Since they are opening up all of their documentation necessary to make 3rd party drivers for linux, I would assume that someone would make a windows driver with the data if AMD/ATI went under.

    I suppose we will see if it is the lack of TMUs or the lack of ROPs that was holding back the 3800s, hopefully increasing the shaders and TMUs will increase performance enough to make it a viable competitor to the 8800GTX, I still can't believe that the 8800GTX has hardly been surpassed in almost a year, graphics companies both need to get off their asses and make something new.
  • korsen
    but you also need to consider that gfx increases come out every 6 months as opposed to every two years for processors. We're looking at huge jumps here. I say they should go into processor schedules and start making something that's worth upgrading to.

    It's like, meh, this new generation is only slightly better than the last, i'll pass. It's like comparing an old celeron to a new celeron instead of an P4-HTT vs an Athlon vs a Core2 vs a Nehalem vs AMD's brain-child. Celeron on Celeron action is a stalemate and LAME.
  • sailer
    If AMD/ATi can get these cards out and they perform close to promised, I can see a couple of them going into my computer. But I'm not holding my breath about it, as I can remember the anticipation I had last year for the 2900, after which I bought a 8800 GTS 640.
  • Andrius
    Either ATI has accepted it's role as "the (class) second GPU provider" or something went wrong with the other 16 ROPs.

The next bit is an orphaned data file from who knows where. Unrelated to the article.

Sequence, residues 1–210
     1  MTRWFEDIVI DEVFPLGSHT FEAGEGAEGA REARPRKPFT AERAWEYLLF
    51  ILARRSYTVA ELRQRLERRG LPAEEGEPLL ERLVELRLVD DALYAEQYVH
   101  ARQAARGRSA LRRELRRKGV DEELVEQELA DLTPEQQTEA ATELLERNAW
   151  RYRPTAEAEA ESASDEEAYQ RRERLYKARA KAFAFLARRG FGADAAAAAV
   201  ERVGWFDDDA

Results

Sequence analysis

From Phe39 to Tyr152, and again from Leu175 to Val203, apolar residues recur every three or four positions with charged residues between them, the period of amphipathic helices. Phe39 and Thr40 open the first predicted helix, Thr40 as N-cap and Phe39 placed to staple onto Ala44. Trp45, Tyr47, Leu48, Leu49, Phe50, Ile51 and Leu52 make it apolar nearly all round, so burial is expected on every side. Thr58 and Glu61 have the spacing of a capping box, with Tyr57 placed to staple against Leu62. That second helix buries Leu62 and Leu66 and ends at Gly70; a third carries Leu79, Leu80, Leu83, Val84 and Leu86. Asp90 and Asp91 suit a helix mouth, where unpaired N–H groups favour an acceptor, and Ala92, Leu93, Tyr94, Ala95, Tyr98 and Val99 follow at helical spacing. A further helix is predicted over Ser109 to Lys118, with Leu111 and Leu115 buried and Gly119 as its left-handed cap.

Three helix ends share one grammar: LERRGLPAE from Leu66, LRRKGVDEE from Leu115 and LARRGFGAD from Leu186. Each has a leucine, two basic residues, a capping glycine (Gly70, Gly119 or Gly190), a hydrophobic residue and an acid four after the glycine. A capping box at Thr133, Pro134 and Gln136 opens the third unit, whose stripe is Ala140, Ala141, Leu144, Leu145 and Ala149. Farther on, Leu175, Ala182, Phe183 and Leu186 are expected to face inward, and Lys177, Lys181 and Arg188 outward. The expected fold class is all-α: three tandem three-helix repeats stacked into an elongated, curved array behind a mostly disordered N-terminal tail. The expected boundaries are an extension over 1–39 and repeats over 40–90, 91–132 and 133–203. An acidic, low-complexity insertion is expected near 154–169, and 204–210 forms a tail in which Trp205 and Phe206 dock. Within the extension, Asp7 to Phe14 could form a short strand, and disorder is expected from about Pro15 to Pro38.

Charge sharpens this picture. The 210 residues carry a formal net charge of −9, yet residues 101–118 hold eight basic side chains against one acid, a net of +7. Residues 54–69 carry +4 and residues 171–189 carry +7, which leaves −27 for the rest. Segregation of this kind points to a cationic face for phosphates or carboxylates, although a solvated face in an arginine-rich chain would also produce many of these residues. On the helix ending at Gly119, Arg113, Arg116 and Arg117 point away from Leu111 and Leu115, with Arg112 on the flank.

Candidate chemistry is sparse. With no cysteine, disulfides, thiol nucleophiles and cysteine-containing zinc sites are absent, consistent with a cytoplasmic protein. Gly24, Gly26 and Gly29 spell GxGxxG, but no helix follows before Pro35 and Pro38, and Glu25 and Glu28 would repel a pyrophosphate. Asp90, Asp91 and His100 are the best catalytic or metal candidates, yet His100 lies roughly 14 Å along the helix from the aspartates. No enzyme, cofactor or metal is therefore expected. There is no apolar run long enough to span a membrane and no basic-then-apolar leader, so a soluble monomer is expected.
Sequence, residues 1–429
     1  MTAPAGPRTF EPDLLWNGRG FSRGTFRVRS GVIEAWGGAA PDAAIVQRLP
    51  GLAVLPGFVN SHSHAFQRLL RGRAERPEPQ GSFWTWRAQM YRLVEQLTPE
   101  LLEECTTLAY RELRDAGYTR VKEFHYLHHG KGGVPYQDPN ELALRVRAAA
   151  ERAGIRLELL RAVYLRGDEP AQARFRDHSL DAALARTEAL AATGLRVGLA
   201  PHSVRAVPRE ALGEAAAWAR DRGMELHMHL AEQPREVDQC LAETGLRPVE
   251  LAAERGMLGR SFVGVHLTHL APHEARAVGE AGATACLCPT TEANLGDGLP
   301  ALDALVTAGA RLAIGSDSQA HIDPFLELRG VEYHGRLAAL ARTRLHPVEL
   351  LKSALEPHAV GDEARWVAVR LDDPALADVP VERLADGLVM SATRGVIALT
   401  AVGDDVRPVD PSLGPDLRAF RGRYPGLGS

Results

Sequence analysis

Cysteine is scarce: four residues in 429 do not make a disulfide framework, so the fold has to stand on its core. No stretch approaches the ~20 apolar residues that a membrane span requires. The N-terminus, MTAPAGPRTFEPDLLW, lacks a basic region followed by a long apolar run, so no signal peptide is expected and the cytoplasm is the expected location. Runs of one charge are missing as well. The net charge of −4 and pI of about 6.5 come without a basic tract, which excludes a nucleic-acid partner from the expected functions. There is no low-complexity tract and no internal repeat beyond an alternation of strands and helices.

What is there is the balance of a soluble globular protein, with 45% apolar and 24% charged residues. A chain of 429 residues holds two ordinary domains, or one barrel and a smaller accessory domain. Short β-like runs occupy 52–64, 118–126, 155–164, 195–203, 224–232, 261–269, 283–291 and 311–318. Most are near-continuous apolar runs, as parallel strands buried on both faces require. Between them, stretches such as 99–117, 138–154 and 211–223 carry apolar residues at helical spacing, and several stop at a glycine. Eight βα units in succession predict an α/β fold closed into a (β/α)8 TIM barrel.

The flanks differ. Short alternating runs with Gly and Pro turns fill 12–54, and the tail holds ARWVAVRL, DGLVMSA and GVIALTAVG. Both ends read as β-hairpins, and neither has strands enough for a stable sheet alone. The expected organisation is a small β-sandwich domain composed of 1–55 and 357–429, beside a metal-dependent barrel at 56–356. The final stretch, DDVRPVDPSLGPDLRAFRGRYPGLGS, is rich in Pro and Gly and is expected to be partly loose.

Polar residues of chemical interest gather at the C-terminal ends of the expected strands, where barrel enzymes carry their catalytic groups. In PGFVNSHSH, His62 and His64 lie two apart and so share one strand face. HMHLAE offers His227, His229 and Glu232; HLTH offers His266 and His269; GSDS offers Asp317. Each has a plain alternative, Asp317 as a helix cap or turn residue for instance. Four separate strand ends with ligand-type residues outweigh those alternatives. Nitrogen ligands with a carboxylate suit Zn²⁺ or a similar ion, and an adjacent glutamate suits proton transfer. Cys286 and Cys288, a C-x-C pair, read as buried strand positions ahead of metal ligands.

If something bottlenecks an architecture the logical step is to increase it until it stops being the bottleneck. It would seem ATI thinks 64x5 stream processors was the bottleneck not the 16 ROPs.

    The strange decisions at AMD/ATI continue ever since AM2 came out 2 years ago :heink:
  • homerdog
    9079553 said:
    Those idiots will never learn... 16 ROPS? why the hell did everything else increase except that?
    Because ATI is doing AA in the shaders instead of the ROPs (they call them RBEs by the way). 16 should be enough.
  • thomasxstewart
    Before 4x, there was dynamic controllers on mainboards, they where 80X2 then 80X4 & so on?. Dynamic controllers are more situation specific? & 8 x80 or today 16x80?. Isn't game card little mainboard, with each unit little transistor controller or effector. 8 x80 being half? total potential.Or is it TOP at ~640, as seems design here. It is great improvement from much less assembly machins on board, i'm sure. Is this multiboard thing forced upon US simply because No one has designed more complex mainboard Host controllers for years?6&7/XX

  • eodeo
    The new GPU has 480 stream processors or shader units (96+384)

    What does this mean? 96 shaders (same as old g80 gts) + 384 vertex processors? Or what I know that 2900 and 3870 have 3x better geometry performance than nvidia g80/92, but I never did understand how come that its shader performance is so low compared to nvidas solution. Does anyone have an explanation for this?

    And 32 TMU?. What the bleep is that? Texture units?? what part of UNIFIED processors am I not understanding right?

    And another thing- 3870 supposedly has 64x5 processors making it x5 wasted as it competes to 9600gt which has 64x1 processors. What is ATI doing that it needs x5 to get same results as nvidia with x1?